Dr Mohamed Haneef, an Indian national, was arrested at Brisbane airport on 2 July 2007 in connection with a failed London bomb plot. He was held for twelve days before being charged with providing support to a terrorist organisation. The charge was unsustainable and was quickly dropped. However, in the interim Dr Haneef's immigration visa was cancelled on character grounds - a decision which on review was found to be unlawful.

The arrest, detention, charge and subsequent release of Dr Mohamed Haneef represented the first time that a number of legislative provisions, introduced to respond to the threat of terrorism, were relied on in practice.

The case revealed significant deficiencies in those provisions and a marked disparity between their actual and intended operation. In particular, the case revealed:

  • problems with the operation and application of sections 3W, section 15AA and Part 1C of the Crimes Act - most notably the "dead time" provisions;

  • problems with the Criminal Code terrorist organisation offence provisions; and

  • problems with section 501 of the Migration Act and the intersection between migration law and criminal law.

To draw attention to these issues the Law Council issued multiple press releases on the case, which generated significant media attention. The Law Council followed up this media activity by writing to the Attorney-General, Minister for Justice and Customs, Minister for Immigration and AFP Commissioner about the deficiencies in the law revealed by the case. In these letters the Law Council submitted a number of reform proposals.

On 13 March 2008 the Attorney-General announced the appointment of the Hon John Clarke QC to conduct an inquiry into the case of Dr Mohamed Haneef. The Law Council made a written submission to the Inquiry and appeared at a public hearing.

In December 2008, Mr Clarke reported to the Government and recommended a number of legislative and procedural changes.

The Law Council continues to advocate for the implementation of those recommendations.

Materials

2008

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23 September 2016:   Justice reinvestment offers chance to cut number of Indigenous inmates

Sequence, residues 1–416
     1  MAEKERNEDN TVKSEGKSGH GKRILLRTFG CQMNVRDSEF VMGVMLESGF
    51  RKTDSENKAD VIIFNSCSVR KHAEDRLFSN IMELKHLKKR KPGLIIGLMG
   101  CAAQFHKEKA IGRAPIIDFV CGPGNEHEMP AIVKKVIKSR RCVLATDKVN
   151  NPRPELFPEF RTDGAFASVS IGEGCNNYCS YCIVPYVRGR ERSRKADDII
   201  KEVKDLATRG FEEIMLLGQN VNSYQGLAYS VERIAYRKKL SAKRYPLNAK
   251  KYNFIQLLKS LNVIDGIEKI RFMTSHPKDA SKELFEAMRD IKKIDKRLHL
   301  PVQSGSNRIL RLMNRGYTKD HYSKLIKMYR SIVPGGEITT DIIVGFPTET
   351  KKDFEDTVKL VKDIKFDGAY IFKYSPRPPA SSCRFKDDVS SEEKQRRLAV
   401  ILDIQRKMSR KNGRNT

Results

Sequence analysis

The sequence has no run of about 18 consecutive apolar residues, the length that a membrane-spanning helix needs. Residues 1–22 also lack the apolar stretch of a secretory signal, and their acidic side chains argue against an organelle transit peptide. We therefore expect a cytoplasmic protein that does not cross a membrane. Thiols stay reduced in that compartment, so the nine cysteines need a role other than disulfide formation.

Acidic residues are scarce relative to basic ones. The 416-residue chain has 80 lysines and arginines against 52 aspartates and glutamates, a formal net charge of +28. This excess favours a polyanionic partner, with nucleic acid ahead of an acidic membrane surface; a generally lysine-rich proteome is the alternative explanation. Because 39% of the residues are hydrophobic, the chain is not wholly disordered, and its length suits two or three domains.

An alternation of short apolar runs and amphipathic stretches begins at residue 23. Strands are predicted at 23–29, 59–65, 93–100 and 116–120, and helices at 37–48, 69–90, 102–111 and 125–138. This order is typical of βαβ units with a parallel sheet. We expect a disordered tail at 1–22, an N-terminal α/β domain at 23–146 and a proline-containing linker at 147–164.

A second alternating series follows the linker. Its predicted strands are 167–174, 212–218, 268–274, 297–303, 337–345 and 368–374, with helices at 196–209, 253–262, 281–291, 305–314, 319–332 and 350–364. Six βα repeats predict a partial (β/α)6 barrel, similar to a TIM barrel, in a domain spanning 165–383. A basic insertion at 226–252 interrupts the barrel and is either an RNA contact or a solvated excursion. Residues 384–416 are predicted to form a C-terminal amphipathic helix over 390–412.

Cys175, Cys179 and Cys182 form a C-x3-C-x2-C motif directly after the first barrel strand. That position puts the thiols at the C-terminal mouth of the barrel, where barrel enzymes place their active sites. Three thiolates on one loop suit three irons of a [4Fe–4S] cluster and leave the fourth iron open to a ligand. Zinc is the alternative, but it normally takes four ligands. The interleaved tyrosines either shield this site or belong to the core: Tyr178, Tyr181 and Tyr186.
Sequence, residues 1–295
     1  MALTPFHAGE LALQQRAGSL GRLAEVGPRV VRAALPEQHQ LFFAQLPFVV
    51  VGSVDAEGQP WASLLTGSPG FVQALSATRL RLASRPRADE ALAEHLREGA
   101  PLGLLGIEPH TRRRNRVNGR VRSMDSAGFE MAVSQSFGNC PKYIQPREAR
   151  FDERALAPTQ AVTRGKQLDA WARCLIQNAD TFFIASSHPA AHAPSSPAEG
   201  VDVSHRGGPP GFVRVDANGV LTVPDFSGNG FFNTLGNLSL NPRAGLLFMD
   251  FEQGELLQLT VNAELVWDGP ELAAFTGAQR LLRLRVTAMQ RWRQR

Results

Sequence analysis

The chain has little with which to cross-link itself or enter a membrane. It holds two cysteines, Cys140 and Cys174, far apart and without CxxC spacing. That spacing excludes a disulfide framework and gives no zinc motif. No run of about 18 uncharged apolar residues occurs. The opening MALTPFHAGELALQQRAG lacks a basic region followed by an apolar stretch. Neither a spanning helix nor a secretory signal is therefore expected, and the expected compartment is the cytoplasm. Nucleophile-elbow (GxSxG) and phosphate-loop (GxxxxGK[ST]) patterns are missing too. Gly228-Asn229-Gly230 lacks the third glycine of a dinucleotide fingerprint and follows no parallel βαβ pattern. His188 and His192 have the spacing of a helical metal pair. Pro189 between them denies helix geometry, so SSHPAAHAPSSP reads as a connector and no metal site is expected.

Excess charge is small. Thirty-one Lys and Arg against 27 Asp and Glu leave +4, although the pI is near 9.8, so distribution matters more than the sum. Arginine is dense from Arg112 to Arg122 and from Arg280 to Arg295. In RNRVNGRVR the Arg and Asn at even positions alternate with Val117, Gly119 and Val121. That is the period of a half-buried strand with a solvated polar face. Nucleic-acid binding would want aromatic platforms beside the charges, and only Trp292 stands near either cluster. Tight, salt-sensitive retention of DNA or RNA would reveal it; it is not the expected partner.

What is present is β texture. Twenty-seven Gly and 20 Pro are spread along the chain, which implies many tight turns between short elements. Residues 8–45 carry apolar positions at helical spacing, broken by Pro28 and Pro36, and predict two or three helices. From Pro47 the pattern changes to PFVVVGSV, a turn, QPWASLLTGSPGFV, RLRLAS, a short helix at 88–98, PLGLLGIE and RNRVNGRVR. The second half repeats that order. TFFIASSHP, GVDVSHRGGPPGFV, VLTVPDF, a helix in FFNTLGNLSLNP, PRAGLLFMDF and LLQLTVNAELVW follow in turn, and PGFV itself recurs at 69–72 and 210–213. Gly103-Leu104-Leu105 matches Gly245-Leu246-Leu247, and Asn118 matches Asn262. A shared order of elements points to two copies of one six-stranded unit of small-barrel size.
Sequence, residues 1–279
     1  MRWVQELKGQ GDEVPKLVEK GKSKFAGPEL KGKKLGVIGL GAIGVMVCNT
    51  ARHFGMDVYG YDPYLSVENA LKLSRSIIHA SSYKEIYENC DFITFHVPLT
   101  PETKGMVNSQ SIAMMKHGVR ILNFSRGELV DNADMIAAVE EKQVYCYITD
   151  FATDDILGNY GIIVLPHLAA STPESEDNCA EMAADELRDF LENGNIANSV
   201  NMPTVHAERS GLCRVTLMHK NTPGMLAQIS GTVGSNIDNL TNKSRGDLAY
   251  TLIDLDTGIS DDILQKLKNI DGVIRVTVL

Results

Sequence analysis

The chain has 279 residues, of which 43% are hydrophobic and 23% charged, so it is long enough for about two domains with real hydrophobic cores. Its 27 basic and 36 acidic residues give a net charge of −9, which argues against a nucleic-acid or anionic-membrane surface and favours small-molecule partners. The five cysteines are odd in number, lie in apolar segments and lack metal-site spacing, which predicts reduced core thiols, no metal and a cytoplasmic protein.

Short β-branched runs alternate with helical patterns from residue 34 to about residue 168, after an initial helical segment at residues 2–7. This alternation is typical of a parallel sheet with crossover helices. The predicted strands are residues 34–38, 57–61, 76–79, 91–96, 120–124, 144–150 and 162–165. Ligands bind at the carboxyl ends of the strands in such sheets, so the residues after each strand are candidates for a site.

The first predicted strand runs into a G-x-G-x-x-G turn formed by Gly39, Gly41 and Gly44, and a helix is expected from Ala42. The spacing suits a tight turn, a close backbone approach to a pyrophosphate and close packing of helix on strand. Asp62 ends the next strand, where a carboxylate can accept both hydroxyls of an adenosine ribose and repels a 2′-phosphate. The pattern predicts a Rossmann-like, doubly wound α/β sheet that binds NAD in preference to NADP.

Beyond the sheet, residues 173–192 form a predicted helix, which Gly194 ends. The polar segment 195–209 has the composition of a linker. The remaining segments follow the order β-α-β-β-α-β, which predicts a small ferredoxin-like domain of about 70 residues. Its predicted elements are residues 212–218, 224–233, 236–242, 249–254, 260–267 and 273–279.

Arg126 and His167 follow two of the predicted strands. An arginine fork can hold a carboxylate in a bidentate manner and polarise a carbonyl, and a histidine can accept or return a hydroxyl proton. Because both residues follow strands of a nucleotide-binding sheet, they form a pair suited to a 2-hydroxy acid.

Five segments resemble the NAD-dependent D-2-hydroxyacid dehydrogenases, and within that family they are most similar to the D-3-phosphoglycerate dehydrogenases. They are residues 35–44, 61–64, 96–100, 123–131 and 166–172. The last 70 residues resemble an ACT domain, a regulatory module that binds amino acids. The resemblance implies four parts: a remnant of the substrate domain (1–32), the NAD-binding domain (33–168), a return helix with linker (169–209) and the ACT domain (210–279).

Opinion piece by Law Council President, Stuart Clark AM, regarding Indigenous imprisonment. Read full story here.

15 September 2016:   Special advocate regime a vital inclusion in new counter-terrorism bill, but further parliamentary scrutiny necessary
The Law Council of Australia has commended the Government for including a special advocate regime in new counter-terrorism laws introduced to the Senate today.

14 September 2016:   Flawed mandatory sentencing element undermining important firearm measures
The Law Council of Australia is warning that the unnecessary inclusion of mandatory sentencing will undermine the credibility of the Federal Government’s new firearms trafficking bill.

30 August 2016:   Law Council to launch national cyber security initiative as cyber threat grows
The Law Council of Australia will launch a national cyber security information campaign for the legal profession this year, as the threat of cybercrime and cyber espionage grows exponentially across the globe.

19 August 2016:   Disturbing images from Qld underscore the need to review youth detention Australia-wide
Reports and images of alleged mistreatment in Townsville's Cleveland Youth Detention Centre and Brisbane Youth Detention Centre emphasise the pressing need for all jurisdictions to conduct independent, arms-length reviews of their juvenile detention systems.